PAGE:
Another source of information

Another source of information that it is easy to overlook is the competitor's local newspaper. You may find information in this that you cannot find anywhere else. For example, if your competitor has a strike it is likely that a report will appear there, but not in the national press. And if your competitor does have a strike this is a splendid opportunity for you to cash in (a discussion on the morality of this is outside the scope of this article). Again, the local paper may report items such as an application for planning permission for a new factory building, and later on may report its official opening by some civic dignity. The same paper will also carry job ads which can give a due to planned expansion. So place an order for that local paper and see that someone skims through it every way.

A further important way of finding out about your competitor's activities is to go and have a look at his premises, from the outside. There is nothing whatever unethical about this if you accept the criterion that it is perfectly legitimate to take advantage of any information that is available to the public at large. This may sound an absurd thing to do, yet simply by standing outside a factory the following information can be gathered:

Locations of buildings which can, when related to a large-scale Ordnance Survey map, provide a very accurate guide to the dimensions of the site and of individual buildings. It will also show whether there is room for expansion on the site, and in some cases you will see evidence that new building is starting.

The age and condition of the buildings can be estimated, and the use to which they are put can often be detected from their nature, e.g. the presence or absence of chimneys or distillation columns of an appropriate kind.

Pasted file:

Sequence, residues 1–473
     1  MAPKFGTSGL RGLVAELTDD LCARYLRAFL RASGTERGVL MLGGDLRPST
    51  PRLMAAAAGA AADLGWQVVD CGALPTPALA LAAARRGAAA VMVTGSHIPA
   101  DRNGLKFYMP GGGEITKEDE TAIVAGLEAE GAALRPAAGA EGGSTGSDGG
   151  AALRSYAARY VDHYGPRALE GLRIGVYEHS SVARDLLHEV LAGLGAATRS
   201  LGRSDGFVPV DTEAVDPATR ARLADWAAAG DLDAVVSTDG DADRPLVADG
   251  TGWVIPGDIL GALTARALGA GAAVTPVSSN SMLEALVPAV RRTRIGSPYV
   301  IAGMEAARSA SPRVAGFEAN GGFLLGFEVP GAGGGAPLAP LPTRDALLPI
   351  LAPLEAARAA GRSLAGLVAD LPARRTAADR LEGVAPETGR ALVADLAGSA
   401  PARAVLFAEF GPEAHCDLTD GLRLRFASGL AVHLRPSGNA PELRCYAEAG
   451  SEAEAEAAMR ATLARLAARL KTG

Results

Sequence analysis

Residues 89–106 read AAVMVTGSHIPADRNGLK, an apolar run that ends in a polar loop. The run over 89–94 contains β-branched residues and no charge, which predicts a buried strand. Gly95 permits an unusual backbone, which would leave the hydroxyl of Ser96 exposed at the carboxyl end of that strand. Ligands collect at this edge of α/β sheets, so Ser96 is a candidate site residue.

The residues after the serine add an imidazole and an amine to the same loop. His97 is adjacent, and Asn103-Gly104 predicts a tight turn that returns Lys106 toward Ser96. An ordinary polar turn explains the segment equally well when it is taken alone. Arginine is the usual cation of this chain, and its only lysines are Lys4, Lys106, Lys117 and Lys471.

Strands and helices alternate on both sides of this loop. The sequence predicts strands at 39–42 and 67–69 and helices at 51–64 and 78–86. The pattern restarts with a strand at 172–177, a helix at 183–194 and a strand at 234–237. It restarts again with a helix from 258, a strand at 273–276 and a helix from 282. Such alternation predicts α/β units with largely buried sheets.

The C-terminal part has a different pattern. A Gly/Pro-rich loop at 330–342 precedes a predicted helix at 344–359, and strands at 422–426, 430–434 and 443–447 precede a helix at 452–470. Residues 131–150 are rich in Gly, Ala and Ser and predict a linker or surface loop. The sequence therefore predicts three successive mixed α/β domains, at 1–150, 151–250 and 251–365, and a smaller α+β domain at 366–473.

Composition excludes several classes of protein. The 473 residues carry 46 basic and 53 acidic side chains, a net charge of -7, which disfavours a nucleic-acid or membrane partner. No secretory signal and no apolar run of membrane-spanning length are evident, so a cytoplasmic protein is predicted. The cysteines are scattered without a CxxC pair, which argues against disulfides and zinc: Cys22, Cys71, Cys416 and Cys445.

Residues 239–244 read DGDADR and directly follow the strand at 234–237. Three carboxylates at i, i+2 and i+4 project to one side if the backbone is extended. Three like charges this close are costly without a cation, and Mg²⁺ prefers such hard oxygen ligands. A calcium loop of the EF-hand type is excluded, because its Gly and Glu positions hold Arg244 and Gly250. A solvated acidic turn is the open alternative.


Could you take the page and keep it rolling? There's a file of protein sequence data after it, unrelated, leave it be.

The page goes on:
With the above information on the size of the site and the quality of the buildings, it is possible to obtain from a local valuer an estimate of the sale value of the premises.

You may see products coming out of the factory you did not know your competitor made, and you may be able to see the extent of his stocks if they are of the kind that are stored outside.

The transport going in and out of his premises may tell you who his suppliers are, who his customers are and whether or not he runs his own transport. The amount of material being shipped out of the factory may also give some clues to production or sales volumes.

It may be possible to learn something about working methods, e.g. it will be easy to see whether or not the factory is run on a three-shift basis.

Lastly, having got all this information, it is necessary to make full use of it. This requires the involvement of top management and there is an obvious case for having "competitor activities" as a standing item on the agenda of every executive and board meeting.

By continuous monitoring of the activities of a competitor, it will be possible to build up, not just a factual documentary, but also a knowledge of the way he is likely to act in a given situation. It is possible, so to speak, to build up a knowledge of his personality and this can be of immense value in predicting his reactions to, for example, the launch of a new product by you or a price cut. Why not try it? You will be amazed how much you can find out at very little cost, and why not give the job to someone you are anxious to develop? Learning about the competition and analysing their businesses is an admirable training project.